Expert publishing blog opinions are solely those of the blogger and not necessarily endorsed by DBW.
They just don’t make bankruptcies like they used to. In the good old days they took years if not decades to resolve, with thousands of shareholders ruined, employees turned out into the cold and customers royally discommoded. But today it takes just a bit longer than a Las Vegas wedding or Mexican divorce, and it’s all pretty bloodless.
At least it seems that way when you look at Houghton Mifflin Harcourt, which filed for bankruptcy May 21; a month later its Plan of Reorganization was confirmed by the US Bankruptcy Court and on June 22 it was business as usual, except the company was a few billion dollars of debt lighter.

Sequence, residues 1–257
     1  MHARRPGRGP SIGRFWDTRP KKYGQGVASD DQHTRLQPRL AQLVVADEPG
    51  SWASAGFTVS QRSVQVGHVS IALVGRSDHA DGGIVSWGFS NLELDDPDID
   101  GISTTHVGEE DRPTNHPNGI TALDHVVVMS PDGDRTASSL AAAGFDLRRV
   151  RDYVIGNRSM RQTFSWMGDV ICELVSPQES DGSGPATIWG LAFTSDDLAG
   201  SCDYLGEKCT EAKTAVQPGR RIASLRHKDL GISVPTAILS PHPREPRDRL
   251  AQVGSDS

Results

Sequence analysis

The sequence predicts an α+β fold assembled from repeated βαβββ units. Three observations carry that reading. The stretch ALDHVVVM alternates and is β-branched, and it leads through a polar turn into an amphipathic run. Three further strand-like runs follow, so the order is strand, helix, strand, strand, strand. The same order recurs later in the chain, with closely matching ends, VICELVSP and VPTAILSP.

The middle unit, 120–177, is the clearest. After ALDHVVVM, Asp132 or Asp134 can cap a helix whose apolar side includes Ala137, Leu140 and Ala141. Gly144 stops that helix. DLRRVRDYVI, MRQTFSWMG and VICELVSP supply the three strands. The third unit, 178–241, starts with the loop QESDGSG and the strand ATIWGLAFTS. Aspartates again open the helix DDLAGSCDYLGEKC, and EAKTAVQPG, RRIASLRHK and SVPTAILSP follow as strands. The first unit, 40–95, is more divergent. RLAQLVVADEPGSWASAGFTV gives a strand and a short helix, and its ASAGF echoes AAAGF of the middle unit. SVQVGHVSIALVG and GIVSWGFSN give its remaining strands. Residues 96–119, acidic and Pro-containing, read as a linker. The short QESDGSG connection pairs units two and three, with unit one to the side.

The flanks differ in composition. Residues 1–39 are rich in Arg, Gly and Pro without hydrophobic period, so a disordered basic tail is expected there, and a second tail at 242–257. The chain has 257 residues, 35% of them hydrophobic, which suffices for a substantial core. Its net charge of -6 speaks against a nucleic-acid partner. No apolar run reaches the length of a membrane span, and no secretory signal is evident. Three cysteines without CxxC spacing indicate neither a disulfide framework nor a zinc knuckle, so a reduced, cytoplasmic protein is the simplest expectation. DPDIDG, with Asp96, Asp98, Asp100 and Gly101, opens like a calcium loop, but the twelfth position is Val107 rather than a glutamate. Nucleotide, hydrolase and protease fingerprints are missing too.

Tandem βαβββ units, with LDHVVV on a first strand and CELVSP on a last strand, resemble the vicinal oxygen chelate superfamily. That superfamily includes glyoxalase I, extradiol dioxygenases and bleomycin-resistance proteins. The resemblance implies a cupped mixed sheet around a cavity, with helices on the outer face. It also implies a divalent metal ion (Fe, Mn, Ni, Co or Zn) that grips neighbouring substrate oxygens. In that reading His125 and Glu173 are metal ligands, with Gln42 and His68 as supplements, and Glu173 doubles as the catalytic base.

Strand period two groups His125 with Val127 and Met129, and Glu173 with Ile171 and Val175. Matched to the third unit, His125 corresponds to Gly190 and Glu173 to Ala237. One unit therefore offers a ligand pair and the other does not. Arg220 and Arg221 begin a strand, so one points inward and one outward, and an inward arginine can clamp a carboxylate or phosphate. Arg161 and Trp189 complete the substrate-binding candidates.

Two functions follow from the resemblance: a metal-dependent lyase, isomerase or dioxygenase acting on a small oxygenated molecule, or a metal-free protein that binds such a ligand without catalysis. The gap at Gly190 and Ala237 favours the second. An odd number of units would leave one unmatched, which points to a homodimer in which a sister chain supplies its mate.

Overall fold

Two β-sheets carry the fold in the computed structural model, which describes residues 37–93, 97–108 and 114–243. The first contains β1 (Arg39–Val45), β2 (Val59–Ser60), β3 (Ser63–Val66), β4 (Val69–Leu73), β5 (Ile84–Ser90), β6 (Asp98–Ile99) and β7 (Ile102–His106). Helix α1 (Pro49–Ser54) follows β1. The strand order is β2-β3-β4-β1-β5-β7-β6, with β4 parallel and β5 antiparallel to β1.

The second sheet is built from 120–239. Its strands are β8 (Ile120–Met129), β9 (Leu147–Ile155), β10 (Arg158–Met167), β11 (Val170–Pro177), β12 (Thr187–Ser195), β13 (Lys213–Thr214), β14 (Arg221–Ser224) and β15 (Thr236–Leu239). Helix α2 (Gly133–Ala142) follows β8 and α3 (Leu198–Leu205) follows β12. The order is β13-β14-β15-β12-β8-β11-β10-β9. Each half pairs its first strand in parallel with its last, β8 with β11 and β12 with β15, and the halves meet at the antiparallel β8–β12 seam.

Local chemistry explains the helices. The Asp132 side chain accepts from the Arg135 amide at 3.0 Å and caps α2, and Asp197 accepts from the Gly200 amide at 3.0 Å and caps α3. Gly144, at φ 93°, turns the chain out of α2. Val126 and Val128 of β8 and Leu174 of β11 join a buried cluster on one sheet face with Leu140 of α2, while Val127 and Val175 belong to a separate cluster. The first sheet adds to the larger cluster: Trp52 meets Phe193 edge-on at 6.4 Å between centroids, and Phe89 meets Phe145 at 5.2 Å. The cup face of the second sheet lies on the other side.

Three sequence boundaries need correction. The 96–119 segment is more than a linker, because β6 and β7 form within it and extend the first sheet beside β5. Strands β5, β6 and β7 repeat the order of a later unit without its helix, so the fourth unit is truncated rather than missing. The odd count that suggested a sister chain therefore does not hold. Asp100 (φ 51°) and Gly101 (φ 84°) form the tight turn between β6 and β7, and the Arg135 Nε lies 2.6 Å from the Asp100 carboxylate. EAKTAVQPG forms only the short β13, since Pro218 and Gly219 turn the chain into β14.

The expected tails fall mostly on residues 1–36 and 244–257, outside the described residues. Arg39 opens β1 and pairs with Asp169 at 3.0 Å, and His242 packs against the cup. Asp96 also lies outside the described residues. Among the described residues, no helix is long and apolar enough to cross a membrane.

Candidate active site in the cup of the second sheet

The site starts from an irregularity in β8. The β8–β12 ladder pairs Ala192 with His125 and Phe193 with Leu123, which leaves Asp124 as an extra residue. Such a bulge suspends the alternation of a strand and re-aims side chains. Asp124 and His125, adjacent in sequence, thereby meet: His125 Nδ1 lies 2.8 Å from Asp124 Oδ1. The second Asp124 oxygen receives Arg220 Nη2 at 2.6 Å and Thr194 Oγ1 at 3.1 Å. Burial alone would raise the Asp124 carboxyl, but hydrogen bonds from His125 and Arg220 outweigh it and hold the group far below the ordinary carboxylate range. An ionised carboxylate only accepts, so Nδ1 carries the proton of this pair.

Perhaps the procedure was like making Chinese food. It takes an hour to chop but a mere minute or two to cook. In HMH’s case the suffering has been going on since March 2009 when we reported that an investment syndicate had incurred $7 billion in debt to leverage the acquisition of a major piece of Harcourt. It just happened to come at a time when the world spun off into recession leaving a lot of smart people holding overleveraged properties they could not dump. Debt service alone was costing the group $500 million annually.
It’s taken all this time for the chickens to come home to roost. When they did, a short sharp shock finished the job. The prepackaged bankruptcy raced through the court like Danny Kaye in the knighthood ceremony in The Court Jester.
Here’s the detailed story: Houghton Mifflin Harcourt emerges from bankruptcy